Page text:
Hmong, the most widely spoken of the Hmong-Mien languages, is a dialect continuum traditionally spoken across the highlands of Southern China (mainly Sichuan, Yunnan, and Guizhou provinces), Vietnam, Laos, and Thailand. There are at least 3.5 million speakers of mutually-intelligible varieties.

Today, there are also approximately 300,000 ethnic Hmong living in diaspora communities across the US, Canada, France (Metropolitan and French Guiana), and Australia. These communities mainly consist of refugees from the Secret War and their families.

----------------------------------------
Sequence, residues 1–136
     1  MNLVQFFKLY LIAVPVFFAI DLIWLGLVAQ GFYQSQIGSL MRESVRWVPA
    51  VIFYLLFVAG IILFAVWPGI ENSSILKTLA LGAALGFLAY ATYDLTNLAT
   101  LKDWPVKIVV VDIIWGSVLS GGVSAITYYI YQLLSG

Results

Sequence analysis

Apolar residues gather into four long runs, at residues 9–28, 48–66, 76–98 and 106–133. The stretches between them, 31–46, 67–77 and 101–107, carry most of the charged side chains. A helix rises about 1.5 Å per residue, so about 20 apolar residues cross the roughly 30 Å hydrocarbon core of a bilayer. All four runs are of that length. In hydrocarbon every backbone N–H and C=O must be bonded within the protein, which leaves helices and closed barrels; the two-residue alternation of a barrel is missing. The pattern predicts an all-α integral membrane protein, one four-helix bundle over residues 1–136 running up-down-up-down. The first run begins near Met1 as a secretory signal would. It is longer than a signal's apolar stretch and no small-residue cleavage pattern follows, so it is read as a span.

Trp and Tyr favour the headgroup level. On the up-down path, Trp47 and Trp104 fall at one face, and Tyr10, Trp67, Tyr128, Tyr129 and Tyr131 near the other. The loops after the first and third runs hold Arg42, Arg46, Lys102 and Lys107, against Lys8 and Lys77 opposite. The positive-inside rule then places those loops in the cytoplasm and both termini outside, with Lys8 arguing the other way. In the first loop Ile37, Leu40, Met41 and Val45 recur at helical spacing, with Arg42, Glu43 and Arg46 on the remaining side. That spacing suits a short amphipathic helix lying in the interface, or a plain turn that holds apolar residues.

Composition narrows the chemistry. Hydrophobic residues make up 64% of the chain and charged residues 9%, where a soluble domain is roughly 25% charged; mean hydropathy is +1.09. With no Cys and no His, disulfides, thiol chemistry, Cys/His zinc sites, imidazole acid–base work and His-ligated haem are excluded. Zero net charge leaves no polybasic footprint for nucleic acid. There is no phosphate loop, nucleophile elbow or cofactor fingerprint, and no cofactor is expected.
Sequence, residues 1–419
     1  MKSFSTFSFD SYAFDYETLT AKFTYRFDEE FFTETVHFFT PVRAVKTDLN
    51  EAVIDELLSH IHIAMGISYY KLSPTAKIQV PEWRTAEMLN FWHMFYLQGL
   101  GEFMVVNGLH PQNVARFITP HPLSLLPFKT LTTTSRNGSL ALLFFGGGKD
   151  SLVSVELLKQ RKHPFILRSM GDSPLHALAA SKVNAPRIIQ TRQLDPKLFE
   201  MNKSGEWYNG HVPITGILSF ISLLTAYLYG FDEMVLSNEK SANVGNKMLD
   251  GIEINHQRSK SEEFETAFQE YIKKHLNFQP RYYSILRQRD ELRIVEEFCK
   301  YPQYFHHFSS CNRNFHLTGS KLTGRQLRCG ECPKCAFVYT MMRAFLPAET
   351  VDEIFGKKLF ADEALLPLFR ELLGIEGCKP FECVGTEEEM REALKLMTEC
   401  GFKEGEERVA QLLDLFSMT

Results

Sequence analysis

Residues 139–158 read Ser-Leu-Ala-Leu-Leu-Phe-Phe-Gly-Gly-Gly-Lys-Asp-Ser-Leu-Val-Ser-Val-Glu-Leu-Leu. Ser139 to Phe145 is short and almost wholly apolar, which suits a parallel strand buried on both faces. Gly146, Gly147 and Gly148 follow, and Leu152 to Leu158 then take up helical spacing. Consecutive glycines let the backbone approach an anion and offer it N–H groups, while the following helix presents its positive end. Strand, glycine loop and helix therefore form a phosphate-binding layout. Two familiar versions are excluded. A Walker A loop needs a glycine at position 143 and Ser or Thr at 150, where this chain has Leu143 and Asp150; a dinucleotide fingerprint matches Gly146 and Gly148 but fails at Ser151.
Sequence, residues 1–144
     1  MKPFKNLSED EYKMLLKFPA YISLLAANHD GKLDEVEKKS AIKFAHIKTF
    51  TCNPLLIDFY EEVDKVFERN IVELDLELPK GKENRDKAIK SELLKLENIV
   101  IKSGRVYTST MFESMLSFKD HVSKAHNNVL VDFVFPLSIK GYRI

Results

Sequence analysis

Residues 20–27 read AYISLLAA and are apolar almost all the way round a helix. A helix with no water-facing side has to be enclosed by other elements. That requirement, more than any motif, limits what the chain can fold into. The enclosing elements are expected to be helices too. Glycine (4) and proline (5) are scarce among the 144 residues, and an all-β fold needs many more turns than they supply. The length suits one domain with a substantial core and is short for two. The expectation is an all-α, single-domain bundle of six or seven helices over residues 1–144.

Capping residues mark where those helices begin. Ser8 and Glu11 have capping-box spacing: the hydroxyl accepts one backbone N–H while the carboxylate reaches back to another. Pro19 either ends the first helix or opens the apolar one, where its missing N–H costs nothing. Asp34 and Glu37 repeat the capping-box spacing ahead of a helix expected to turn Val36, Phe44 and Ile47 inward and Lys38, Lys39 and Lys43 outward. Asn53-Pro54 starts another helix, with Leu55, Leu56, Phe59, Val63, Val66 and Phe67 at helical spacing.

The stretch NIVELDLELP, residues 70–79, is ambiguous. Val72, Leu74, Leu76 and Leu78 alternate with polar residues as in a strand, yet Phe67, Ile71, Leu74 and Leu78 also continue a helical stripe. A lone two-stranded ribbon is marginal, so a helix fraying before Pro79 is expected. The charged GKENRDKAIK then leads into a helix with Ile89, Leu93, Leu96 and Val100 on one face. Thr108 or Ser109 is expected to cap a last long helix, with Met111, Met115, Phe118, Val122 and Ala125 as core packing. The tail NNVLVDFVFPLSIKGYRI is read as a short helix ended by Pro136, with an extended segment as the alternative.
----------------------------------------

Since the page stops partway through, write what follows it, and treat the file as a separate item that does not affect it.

The main varieties of Hmong spoken in the diaspora are those common in Laos: White Hmong (RPA: Hmoob Dawb; sometimes ‘Hmong Daw’ or ‘Hmong Der’) and Green Mong (RPA: Moob Leeg; sometimes ‘Mong Leng’). These two varieties are mutually intelligible, with very similar grammars but notable differences in vocabulary and pronunciation.

In the field of linguistics, Hmong is most famous for two features: its complex system of tones and tonal morphology, and its productive use of “serial verb constructions”. My research on Hmong, conducted with the help of Hmong speakers, seeks to understand the properties of these serial verb constructions.

For those interested in studying the Hmong language, I maintain a small list of Hmong linguistics resources.